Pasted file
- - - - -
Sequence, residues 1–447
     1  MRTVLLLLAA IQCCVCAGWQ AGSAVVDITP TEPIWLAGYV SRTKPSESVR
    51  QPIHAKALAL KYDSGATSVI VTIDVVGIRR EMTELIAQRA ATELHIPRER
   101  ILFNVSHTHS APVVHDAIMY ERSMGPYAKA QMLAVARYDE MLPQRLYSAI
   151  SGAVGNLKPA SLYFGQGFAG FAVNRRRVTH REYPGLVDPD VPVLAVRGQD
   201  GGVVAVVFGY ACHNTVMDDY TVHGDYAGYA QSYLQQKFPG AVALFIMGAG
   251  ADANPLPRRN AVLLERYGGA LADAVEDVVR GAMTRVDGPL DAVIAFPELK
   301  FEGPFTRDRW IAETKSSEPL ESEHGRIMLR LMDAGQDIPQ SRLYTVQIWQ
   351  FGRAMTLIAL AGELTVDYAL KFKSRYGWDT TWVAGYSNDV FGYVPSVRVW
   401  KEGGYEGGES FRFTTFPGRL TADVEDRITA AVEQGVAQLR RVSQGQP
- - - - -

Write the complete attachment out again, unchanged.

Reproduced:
Sequence, residues 1–447
     1  MRTVLLLLAA IQCCVCAGWQ AGSAVVDITP TEPIWLAGYV SRTKPSESVR
    51  QPIHAKALAL KYDSGATSVI VTIDVVGIRR EMTELIAQRA ATELHIPRER
   101  ILFNVSHTHS APVVHDAIMY ERSMGPYAKA QMLAVARYDE MLPQRLYSAI
   151  SGAVGNLKPA SLYFGQGFAG FAVNRRRVTH REYPGLVDPD VPVLAVRGQD
   201  GGVVAVVFGY ACHNTVMDDY TVHGDYAGYA QSYLQQKFPG AVALFIMGAG
   251  ADANPLPRRN AVLLERYGGA LADAVEDVVR GAMTRVDGPL DAVIAFPELK
   301  FEGPFTRDRW IAETKSSEPL ESEHGRIMLR LMDAGQDIPQ SRLYTVQIWQ
   351  FGRAMTLIAL AGELTVDYAL KFKSRYGWDT TWVAGYSNDV FGYVPSVRVW
   401  KEGGYEGGES FRFTTFPGRL TADVEDRITA AVEQGVAQLR RVSQGQP